Most reading instruction assumes auditory processing has been fully developed when educators begin to teach phonics. However, this assumption can be wrong. Frequent ear infections or auditory processing disorders can impact a child’s ability to process sounds. English language learners also struggle to distinguish similar-sounding phonemes when their native language has not wired their brains to process such sounds.

Research shows that processing speech sounds is the fastest thing the brain does. Those with lagging auditory processing need a technology that can move just as quickly and train the brain for this cognitive skill before learning phonics, or when re-learning phonics for those in older grades who struggled with phonics the first time around.

What Can Educators Do?

What steps can educators take to ensure they are incorporating research-based reading strategies into their classroom activities?

  • Be open-minded to the science of reading, especially if you have been trained to teach using the balanced literacy approach. It is hard to hear that something you’ve believed in and used for years is not the best teaching method for your students. It takes a team focused on a common goal to make crucial changes. As Henry Ford said, “Coming together is a beginning; keeping together is progress; working together is success.”
  • Do the necessary homework on the science of reading. There are many research studies and articles available about the efficacy of explicit phonics training, as well as other aspects of the science of reading. Schools can begin working on the necessary professional development so teachers are using the best strategies possible. Many colleges of education are also making these changes, so they may be good resources, too. See the list of resources below to get started.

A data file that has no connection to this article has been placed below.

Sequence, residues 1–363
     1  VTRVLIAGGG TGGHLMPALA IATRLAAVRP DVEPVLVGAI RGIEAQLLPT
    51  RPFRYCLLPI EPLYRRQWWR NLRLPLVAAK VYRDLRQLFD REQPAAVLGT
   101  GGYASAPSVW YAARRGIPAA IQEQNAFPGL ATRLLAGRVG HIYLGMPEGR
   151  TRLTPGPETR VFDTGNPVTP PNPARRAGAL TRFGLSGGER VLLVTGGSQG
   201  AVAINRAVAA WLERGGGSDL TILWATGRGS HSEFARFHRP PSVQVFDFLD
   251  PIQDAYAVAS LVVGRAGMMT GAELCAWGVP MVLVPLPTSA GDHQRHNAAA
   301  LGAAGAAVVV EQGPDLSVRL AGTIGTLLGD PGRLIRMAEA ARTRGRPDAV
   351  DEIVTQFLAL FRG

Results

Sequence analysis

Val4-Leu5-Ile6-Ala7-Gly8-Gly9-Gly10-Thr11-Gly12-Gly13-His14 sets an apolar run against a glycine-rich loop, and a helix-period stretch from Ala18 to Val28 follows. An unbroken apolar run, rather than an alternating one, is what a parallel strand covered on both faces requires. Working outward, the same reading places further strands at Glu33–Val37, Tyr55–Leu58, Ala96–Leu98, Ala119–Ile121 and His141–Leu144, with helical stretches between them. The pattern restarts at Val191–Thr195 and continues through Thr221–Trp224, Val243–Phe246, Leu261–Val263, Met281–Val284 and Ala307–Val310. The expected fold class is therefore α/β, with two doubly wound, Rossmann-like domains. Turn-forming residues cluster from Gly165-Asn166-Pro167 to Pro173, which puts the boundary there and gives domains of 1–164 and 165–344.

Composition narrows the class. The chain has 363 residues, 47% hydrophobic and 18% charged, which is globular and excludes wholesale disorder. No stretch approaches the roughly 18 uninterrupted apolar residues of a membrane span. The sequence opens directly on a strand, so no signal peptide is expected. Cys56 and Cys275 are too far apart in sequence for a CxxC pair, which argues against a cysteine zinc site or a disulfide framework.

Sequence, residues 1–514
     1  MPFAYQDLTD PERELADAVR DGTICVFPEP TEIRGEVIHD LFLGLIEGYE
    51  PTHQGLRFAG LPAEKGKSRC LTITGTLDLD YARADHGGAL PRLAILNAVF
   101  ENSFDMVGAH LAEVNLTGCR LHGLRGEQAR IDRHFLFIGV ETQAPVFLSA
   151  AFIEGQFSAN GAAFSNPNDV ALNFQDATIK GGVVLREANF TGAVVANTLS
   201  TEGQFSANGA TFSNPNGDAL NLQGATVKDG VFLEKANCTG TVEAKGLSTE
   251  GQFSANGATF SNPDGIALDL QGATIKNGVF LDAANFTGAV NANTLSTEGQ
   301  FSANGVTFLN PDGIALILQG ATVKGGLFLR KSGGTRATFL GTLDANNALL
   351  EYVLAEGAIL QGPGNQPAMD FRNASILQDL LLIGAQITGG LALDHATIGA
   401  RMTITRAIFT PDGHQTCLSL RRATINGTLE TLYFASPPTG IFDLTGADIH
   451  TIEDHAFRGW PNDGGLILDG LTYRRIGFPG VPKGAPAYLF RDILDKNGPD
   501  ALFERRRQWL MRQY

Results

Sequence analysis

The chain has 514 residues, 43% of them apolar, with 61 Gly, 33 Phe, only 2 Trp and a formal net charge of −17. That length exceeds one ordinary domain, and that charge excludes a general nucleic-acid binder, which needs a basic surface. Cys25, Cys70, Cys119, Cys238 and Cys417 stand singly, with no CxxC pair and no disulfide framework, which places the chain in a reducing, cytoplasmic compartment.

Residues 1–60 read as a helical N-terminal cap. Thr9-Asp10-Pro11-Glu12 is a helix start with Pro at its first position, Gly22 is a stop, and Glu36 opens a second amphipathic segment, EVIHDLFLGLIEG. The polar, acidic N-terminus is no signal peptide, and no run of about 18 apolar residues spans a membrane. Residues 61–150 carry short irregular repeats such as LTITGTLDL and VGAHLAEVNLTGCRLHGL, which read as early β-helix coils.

• Implement a research- and evidence-based program that develops crucial reading and learning skills, as well as cognitive skills like working memory and auditory processing that research shows are critical for reading. A good example is Fast ForWord®, a web-based program for grades K-12 that develops the language, reading, and cognitive skills that are foundational for learning—including working memory and auditory processing. A strong foundation gives students the best opportunity to become lifelong learners.

Educators truly care about their students and are invested in those students’ success. With the science of reading clarifying the best approach for reading instruction, I know that teachers and administrators will work as a team to incorporate the best strategies possible for their students to become strong readers.

More Resources

Barshay, Jill. (2020). Four things you need to know about the new reading wars. The Hechinger Report.